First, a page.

Good Realtors are a very powerful tool because they are emotionally detached from the property. They do this for a living, and are not afraid to reach out and ham it up with the other side, finding out what the sellers are looking for, feeling them out and finding the weak spots, and doing it all with a few casual phone calls.
So back at the deal, the seller might be sitting there, waiting to see if you accept. He might be worried that you are not getting what you want since he nixed your request to have the water heater replaced, and that you will walk away. But in reality, you are totally jazzed that you are getting the home of your dreams for TWENTY THOUSAND DOLLARS LESS than the original price! Now the only thing standing in your way of living happily ever after is a new water heater, which can be done for under $1,000, if you know the right people.
Hey, here's an idea! You can request to go see the water heater yourself right away and maybe take your friend, Carl, who got good grades in shop class. Just tell your Realtor. He will let you and Carl in the house and you can go run the hot water and visually inspect the unit for any signs of corrosion, old age, leaks, noises, smells, violent shaking, or evil spirits.
Now you will have firsthand knowledge of the situation and feel much better about making any decisions about the issue. Oh, and you can also usually call the inspector and he will probably remember that water heater. You can say, "Jeez, the owner of the house said it was fine, and I went and saw it and the water was plenty hot, but I did hear a spooky noise so I wanted your opinion on just how long this thing will last until it explodes."
The inspector says "You'll probably be good, you know for a while, but the condenser relay was a little swollen and the pH on the tank sensor showed negative. But I've seen a lot worse. The serviceable life on these is usually around 12-15 years but these things can last you know, for years after that too. It just depends."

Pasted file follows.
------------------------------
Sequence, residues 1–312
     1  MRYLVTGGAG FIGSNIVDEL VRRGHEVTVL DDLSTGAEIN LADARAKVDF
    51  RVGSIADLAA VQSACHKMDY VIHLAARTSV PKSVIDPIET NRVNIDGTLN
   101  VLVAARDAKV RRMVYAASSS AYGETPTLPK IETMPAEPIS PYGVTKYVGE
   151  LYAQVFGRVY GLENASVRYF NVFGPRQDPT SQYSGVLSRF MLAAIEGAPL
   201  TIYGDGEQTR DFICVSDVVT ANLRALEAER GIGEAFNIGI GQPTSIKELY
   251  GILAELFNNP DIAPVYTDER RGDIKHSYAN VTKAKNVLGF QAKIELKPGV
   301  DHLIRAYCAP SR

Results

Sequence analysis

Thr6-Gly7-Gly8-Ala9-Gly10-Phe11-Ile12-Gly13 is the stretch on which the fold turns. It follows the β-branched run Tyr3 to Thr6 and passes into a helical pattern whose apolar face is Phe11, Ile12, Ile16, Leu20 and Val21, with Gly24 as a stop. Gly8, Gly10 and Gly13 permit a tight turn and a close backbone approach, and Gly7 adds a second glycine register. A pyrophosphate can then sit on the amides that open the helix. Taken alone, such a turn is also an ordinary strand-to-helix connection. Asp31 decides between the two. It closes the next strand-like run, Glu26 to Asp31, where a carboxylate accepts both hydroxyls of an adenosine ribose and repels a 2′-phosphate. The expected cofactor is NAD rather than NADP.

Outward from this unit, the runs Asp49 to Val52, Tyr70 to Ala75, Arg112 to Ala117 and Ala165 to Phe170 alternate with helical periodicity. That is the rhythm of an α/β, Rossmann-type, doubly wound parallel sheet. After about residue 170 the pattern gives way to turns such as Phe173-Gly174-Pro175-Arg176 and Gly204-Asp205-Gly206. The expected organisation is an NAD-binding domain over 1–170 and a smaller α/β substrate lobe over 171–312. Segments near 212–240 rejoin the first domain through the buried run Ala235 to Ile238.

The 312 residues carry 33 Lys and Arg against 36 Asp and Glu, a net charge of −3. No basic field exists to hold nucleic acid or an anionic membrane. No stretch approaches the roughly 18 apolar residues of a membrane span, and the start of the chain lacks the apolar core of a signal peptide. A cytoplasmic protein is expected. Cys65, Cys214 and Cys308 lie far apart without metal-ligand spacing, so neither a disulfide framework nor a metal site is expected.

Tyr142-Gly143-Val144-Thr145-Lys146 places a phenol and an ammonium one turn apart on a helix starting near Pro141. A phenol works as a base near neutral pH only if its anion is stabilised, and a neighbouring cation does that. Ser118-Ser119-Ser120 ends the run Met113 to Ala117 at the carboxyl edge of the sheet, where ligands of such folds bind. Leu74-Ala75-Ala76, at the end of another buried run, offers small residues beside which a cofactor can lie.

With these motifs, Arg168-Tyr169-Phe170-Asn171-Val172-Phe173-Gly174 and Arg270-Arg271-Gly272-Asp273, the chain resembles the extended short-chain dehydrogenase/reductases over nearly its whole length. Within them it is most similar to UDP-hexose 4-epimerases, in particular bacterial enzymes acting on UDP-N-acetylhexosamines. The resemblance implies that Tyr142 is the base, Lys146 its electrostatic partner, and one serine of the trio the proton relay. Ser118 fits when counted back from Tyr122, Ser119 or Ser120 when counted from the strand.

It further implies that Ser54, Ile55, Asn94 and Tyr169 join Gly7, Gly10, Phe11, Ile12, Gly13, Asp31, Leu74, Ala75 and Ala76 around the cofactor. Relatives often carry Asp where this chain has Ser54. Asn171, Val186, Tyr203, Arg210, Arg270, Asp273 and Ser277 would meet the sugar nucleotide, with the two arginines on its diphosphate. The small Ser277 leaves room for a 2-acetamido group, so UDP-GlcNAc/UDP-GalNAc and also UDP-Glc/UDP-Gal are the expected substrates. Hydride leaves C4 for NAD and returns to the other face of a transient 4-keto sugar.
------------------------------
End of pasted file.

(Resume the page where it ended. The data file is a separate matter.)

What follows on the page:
And you'll say "Huh..."
And he will say, "But you know it's just my sworn duty as a licensed professional to red flag anything I see as a potential problem in my report."
And you'll say "Huh..."
So there you go. Now you're really aware of everything that's going on and it only took a few minutes. Plus you got your first taste of home ownership with the inspection! Now you are really excited to move in! Plus you noticed a few really cool little features in the home that you didn't see before.
This really is exciting, and all the legal mumbo jumbo and forms and negotiation is really nothing compared to the excitement and joy of owning your own home. You get to sleep there. You get to rearrange the furniture and paint the walls. You get a big tax writeoff. You can even have friends over for barbecues and give them "the tour!" You can even tell the story of the water heater! They will tell you the story of when they bought their house and they will pat you on the back and say "Welcome to the club, old Chap!"
Until next time...